Dolly Parton has performed in massive, sold-out venues all over the world. While it may seem likely that, given her superstar career, Parton loves being in the spotlight, the 77-year-old says that she is actually quite shy, and has been all her life.
But it was while she was still a child, growing up in the mountains of East Tennessee, when Parton realized that when she played guitar and wrote her own songs, she got attention, attention that she continued to seek out, mostly through her music.
“I don’t know that it’s true that everybody wants to be seen,” Parton reflects on her What Would Dolly Do? Radio on Apple Music 1. “I think everybody wears a sign around their neck that says, ‘I want to be important,’ but a lot of people are basically shy. But I wanted the attention. I can’t explain it, but it’s pretty obvious. I guess I felt what I was going to be maybe, because I have a shy side, believe it or not.”
It wasn’t until Parton had success, which happened soon after she finished high school and moved to Nashville, that she was able to let the shy, reserved side of her go, at least while on stage.
“In my early days, till I learned what all I could do, what all I could get away with, that side of me was kind of always there,” Parton maintains. “But the more I felt my own power and my own importance, so to speak, the more I was free to get to be more of what I have become.”
The global superstar also developed her own sense of style early on, creating a vision for herself that she adhered to, even when — or especially when — other people didn’t understand it.
“One of my dear friends and one of the most beloved people in the whole business was Chet Atkins,” Parton shares. Atkins was the head of RCA Records, Parton’s record label at the time, and he was not at all a fan of Parton’s big hair, intense make-up and unique fashion.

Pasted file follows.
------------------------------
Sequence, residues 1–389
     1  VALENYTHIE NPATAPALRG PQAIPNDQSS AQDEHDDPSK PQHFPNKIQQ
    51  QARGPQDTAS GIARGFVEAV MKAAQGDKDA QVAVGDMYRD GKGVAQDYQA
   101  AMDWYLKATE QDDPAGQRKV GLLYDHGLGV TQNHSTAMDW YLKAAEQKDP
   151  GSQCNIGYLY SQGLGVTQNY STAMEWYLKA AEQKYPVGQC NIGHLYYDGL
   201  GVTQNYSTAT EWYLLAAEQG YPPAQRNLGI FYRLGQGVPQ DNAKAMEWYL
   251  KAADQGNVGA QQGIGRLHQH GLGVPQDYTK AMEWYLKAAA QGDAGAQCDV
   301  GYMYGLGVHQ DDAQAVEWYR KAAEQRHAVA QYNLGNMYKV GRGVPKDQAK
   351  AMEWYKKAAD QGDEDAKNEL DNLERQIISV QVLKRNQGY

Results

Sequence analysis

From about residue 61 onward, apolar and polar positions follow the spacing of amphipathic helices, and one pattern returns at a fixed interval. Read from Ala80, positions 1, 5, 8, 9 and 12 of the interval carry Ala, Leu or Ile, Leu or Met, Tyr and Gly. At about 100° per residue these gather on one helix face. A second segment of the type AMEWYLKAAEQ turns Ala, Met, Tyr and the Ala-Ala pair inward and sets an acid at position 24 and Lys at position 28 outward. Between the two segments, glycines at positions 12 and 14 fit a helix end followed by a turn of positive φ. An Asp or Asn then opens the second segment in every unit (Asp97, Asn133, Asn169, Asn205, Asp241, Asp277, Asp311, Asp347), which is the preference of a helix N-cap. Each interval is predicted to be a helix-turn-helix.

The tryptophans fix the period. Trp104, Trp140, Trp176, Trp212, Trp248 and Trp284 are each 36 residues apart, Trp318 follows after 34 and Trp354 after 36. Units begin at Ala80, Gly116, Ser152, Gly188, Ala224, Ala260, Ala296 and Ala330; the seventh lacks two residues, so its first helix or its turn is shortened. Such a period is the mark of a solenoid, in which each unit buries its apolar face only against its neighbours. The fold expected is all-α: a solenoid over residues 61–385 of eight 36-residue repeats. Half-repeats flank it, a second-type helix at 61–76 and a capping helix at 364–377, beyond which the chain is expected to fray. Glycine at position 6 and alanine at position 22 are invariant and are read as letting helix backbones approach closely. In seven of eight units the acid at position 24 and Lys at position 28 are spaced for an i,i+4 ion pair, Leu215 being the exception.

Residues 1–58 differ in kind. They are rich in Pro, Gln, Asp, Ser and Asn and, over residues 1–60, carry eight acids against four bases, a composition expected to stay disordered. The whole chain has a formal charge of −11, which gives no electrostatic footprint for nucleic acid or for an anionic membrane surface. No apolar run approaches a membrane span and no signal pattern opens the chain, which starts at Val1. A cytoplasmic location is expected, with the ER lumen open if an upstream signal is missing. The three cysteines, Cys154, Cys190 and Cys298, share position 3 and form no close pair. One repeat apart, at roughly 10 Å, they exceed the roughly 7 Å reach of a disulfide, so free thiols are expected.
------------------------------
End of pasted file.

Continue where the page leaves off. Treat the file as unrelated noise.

“He pulled me over to the side because he really liked me,” Parton remembers. “He said, ‘Dolly, I really don’t believe that people are going to take you serious as a singer and songwriter unless you tone down your look. You’re a right pretty girl. You don’t need all that.’ And I said, ‘Well, okay, I’ll take that to heart, Mr. Atkins. Thank you for your advice.’
“And of course, I just got worse with it,” she continues. “And years later, after I became a star, he sidled up beside me and said, ‘Now, ain’t you glad you listened to my good advice?'”
Parton has sold millions of albums, starred in hit movies and TV shows, authored books, launched her own Dollywood theme park, and much more. It’s all successes that she says would have never happened if she hadn’t remained her authentic self.
“I’ve always been true to myself,” the 77-year-old tells The Guardian. “That was what my mama always used to say: to thine own self be true. I put a lot of stock in that. Everything I do, whether it’s my personality, how I conduct myself and business, or whatever, if I do it my way, according to what I understand and believe, there’s a strength in that. You can think, ‘I can stand by this, I can live by this.’”